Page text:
Time to stop patronising the women’s game

Women’s football will only achieve parity with the men’s if we’re comfortable slagging games off.

Duleep Allirajah

Topics Politics

At what point will we know that women’s football has arrived? I mean properly arrived. No longer seen as a curiosity; no longer worthily hyped up.

It’s starting to happen now. Football pundits on my timeline have been enjoying the Women’s World Cup, not because it’s the right thing to do, but because they’ve been hooked on the sporting drama. But, although it is now being taken more seriously, the women’s game is still weighed down with metaphorical significance. England’s lionesses don’t just represent their country, they also carry the burden of representing the whole of womankind. If they fail, it’s because women’s football is rubbish. If they win, it’s because they’re playing with passion, national pride and a pure untainted love of the game.

A sure sign that women’s football has achieved true equality is when sports writers stop writing articles like this; when we no longer discuss whether the women’s game has reached a ‘watershed’ moment or a ‘tipping point’. True parity will only be achieved when we no longer even notice the gender of the players; when we no longer describe France’s playmaker Louisa Nécib as the ‘Female Zidane’. Equality will have arrived when we just write about the football.

A particularly irksome aspect of the media coverage of women’s football is the way it is portrayed as morally superior to the men’s game. BBC commentator Jonathan Pearce frequently points out that there’s very little dissent or playacting in the women’s game. These sentiments were echoed by Glenn Moore in the Independent who pointed out that ‘there has been very little diving, barely any dissent and no rolling around in fake agony’. Both the Metro and the Telegraph published listicles on why women’s football is better than men’s, reeling off the usual catalogue of lazy gripes about the men’s game being sullied by money, cynicism, bad behaviour and gamesmanship. I don’t see how it helps the cause of equality for the women’s game to be used as a moral bat with which to bash the men’s game. That’s why I was cheering England’s unashamed time-wasting tactics against Norway. It showed that the sisters can run down the clock as well as any men’s team. And if you think female footballers are innately less aggressive, take a look at the video clip of Colombia’s Lady Andrade punching USA striker Abby Wambach in the face during London 2012, or the kicking, punching and hair-pulling thuggery of American defender Elizabeth Lambert.

One of the striking features of the BBC’s coverage of the Women’s World Cup is that, despite the well-meaning desire to promote the women’s game, there’s still a strong whiff of condescension about the punditry. Take England’s quarter-final against Canada. The game was certainly high on squeaky-bum-time drama, but the quality of football was largely atrocious. Both teams launched aimless long balls, and both were unable to string more than a couple of passes together. If Roy Hodgson’s men had played like that, they would have been slaughtered for playing prehistoric ‘kick and rush’ football. And yet these failings were largely airbrushed out in the commentary. As England grimly hung on to their slender lead, there was barely a murmur of criticism from Jonathan Pearce about England’s poor game management. Instead, as the nation bit its collective nails, the discussion turned to food. ‘What is quinoa?’, he asked his co-commentator Sue Smith.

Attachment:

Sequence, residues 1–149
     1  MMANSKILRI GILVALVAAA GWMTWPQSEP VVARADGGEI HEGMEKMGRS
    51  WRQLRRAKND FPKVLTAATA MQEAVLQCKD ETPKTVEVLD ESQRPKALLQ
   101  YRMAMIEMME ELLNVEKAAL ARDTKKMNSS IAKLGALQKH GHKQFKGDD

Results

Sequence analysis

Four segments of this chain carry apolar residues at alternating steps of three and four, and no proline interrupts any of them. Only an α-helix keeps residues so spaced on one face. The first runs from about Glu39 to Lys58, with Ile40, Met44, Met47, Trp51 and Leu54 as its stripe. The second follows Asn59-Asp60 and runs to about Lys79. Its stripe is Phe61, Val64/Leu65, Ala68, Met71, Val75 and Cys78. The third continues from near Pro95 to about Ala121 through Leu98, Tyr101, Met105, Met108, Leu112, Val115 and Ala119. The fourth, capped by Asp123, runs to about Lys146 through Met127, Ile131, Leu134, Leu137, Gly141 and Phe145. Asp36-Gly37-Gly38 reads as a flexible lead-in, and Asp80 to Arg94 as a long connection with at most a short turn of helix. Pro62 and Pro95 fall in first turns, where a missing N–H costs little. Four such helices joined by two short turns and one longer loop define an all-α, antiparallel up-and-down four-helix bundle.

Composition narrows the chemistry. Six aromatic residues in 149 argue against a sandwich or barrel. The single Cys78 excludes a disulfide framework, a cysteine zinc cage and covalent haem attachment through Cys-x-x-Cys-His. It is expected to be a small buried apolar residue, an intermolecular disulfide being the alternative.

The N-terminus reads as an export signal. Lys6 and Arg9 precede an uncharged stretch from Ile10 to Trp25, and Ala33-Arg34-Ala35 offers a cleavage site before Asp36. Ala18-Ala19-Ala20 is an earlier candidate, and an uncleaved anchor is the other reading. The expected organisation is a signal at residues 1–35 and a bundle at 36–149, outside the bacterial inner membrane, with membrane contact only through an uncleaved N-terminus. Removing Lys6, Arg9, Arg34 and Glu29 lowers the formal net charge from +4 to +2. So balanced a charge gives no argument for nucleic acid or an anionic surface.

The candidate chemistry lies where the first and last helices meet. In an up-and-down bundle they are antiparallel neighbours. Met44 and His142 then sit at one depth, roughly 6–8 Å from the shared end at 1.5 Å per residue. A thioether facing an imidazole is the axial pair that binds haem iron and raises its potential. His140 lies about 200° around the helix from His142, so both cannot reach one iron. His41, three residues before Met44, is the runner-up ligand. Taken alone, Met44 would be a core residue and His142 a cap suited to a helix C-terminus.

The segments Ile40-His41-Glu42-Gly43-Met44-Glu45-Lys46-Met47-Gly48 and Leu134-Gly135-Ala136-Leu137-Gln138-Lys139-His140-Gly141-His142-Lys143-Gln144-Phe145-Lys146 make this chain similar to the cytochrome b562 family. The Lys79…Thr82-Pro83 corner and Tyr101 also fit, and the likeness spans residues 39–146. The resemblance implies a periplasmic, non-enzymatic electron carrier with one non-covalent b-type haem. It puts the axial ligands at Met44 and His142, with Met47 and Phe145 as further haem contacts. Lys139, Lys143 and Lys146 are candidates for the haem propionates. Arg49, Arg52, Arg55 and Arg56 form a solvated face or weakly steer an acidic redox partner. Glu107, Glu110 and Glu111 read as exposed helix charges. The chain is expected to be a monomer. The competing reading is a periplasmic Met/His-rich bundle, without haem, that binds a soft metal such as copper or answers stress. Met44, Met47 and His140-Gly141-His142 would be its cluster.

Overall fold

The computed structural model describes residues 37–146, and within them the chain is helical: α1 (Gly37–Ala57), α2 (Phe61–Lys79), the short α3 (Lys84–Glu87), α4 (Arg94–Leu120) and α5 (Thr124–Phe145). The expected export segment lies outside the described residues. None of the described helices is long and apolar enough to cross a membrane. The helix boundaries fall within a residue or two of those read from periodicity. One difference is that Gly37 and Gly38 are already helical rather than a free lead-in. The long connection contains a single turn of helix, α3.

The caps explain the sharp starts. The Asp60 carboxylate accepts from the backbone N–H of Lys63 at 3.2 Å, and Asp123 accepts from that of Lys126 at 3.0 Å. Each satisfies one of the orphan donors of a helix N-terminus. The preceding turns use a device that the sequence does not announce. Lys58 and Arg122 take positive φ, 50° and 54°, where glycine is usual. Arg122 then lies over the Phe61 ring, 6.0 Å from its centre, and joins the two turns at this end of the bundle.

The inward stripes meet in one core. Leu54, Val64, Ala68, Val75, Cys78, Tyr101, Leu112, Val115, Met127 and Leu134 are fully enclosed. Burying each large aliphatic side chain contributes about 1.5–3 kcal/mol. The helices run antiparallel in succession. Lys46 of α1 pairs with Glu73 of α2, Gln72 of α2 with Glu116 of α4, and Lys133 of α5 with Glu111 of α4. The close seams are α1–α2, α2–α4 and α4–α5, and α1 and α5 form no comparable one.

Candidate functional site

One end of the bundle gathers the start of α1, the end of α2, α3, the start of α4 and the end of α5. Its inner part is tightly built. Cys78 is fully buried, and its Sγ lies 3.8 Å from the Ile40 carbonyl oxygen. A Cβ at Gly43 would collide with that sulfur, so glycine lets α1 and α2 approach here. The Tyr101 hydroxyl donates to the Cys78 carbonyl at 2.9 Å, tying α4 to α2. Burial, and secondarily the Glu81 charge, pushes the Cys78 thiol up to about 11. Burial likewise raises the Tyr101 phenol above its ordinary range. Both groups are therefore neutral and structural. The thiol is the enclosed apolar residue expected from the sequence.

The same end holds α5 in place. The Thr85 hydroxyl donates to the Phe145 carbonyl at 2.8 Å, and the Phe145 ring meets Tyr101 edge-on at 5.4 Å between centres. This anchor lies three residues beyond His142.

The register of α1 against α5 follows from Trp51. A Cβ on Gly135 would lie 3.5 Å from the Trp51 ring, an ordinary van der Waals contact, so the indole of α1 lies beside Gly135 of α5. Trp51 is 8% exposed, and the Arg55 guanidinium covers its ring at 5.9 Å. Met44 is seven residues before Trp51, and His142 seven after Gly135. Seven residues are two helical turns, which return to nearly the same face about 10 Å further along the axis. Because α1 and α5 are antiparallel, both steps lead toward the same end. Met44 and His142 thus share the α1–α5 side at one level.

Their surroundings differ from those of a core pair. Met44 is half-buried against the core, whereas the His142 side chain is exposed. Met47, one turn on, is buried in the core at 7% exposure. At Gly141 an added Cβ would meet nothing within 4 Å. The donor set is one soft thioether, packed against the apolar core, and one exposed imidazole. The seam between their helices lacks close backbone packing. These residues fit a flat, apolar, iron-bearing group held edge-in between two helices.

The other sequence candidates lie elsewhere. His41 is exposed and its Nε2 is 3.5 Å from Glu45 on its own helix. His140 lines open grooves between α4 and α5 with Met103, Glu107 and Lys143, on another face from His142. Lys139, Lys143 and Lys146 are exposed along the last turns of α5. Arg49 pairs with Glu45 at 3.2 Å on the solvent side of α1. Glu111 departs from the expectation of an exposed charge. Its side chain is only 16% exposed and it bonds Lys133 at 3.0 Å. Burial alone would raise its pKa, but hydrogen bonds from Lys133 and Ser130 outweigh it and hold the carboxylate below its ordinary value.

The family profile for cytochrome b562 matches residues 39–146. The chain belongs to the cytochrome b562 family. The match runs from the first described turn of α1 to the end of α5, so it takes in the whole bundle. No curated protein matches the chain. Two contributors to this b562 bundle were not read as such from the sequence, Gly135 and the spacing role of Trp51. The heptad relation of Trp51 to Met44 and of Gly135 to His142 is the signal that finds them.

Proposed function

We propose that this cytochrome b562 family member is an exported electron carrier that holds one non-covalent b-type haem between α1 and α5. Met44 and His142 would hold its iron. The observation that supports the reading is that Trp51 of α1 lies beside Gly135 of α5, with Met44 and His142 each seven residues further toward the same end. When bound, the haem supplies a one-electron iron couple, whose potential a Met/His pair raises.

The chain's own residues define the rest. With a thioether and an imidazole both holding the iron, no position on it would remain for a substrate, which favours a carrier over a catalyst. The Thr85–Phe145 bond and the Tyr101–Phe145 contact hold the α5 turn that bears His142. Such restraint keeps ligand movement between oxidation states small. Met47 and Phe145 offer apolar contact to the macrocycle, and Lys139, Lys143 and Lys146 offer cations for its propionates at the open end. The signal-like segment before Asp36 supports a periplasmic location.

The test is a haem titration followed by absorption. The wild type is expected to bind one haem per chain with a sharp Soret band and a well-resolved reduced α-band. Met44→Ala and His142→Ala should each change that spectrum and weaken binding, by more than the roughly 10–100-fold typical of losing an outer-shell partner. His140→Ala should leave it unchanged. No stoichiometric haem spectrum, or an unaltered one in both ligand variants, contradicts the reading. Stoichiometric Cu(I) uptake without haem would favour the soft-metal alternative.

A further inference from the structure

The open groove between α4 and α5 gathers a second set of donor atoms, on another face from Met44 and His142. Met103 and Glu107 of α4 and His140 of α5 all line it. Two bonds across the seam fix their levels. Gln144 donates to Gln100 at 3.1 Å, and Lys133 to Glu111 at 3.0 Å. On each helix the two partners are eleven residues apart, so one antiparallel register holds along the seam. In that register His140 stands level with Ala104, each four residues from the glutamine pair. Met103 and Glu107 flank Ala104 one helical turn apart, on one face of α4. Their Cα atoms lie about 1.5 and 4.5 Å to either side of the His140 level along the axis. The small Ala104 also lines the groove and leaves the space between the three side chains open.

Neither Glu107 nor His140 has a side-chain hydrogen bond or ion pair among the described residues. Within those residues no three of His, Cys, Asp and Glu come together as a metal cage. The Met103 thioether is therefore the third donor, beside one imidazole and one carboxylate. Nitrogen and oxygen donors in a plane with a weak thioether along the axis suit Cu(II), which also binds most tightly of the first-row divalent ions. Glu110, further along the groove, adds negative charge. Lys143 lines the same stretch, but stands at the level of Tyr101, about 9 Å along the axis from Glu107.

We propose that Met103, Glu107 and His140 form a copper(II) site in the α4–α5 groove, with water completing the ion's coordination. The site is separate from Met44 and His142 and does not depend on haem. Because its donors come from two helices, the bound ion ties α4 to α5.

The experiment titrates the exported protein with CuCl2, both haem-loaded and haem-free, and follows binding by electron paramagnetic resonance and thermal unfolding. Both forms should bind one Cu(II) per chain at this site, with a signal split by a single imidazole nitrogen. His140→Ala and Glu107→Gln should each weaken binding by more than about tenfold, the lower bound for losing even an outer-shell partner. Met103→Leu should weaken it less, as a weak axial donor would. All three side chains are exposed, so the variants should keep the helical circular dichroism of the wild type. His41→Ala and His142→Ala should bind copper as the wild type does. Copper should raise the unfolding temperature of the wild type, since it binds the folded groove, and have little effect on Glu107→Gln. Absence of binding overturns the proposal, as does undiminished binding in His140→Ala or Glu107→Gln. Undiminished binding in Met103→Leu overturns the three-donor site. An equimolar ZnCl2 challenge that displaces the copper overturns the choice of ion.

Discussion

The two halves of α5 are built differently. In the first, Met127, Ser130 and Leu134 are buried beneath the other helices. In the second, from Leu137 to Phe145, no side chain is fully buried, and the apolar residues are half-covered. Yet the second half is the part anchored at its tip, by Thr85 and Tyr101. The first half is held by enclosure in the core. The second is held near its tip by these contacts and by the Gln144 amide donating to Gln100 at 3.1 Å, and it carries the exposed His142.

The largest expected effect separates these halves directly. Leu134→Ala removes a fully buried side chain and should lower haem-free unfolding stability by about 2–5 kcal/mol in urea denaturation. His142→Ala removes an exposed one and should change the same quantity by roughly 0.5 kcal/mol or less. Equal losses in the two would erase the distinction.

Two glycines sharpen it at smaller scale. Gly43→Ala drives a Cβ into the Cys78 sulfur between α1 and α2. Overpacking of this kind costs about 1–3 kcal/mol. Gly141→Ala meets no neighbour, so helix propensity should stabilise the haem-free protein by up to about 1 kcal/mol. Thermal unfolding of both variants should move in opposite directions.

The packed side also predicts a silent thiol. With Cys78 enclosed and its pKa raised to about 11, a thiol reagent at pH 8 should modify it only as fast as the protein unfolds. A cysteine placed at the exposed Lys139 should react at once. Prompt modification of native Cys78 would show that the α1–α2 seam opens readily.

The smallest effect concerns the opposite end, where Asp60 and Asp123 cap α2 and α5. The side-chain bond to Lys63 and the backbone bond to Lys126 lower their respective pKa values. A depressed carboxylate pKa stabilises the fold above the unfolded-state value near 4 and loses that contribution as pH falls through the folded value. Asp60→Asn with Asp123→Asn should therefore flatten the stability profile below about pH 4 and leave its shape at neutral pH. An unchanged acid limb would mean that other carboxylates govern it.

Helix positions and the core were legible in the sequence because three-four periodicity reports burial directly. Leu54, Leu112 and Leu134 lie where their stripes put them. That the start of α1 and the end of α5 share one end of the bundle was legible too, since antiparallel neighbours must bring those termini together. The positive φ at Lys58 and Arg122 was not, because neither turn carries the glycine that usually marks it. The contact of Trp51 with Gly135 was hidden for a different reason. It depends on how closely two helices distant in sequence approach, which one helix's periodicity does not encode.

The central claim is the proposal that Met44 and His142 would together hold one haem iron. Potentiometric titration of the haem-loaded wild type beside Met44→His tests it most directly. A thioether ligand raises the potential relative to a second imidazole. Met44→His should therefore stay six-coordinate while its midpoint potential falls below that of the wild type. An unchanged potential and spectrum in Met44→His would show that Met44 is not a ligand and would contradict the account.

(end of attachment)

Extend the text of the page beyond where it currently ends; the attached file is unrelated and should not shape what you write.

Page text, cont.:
There have been some high-quality games in the Women’s World Cup. The quarter-final between France and Germany was probably the standout game of the tournament, high in technical quality and drama. But there have also been some total stinkers. In the group stages, we saw several horrendously one-sided games. The Ivory Coast and Ecuador were beaten 10-0 and 10-1 respectively by Germany and Switzerland, an illustration of the huge disparity in quality and fitness that exists in a sport that has only been professionalised in a handful of countries. But, just like a non-competitive school sports day, the commentators don’t feel able to call out crap football. To me that’s just plain patronising. Imagine if the BBC was covering a wretched men’s game. Lawro would switch to sneering-sarcasm mode while Alan Green would be lambasting the spectacle as ‘woeful’. Paul Scholes described England’s recent scoreless friendly with Ireland as a ‘waste of an afternoon’, while ITV issued a public apology to viewers through its official Twitter account. Would the BBC pundits do the same if they had to sit through an equally forgettable women’s game? Not on the evidence of this tournament.

When Daily Mail columnist Martin Samuel had the gall to point out that the quality of the football in the tournament had been poor, he was accused of sexism. But here’s the thing: unless we stop treating women’s football with kid gloves, it will never be taken seriously as a sport in its own right. In one of the rare non-patronising articles on the tournament, Dave Kidd, writing in the Mirror, said, ‘We’re not even approaching true equality until England can be criticised without this being seen as a trashing of women’s football in general’. I’d go further. The men get booed and pilloried if they flop at a major tournament. But the women just get a condescending pat on the back. Bless, didn’t they do well. When the women get booed off by the fans, monstered in the press and trolled on Twitter – when we start to hang effigies of star players outside pubs – that’s when true parity will have been achieved.

Duleep Allirajah is spiked’s sports columnist. Follow him on Twitter: @DuleepOffside

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Topics Politics


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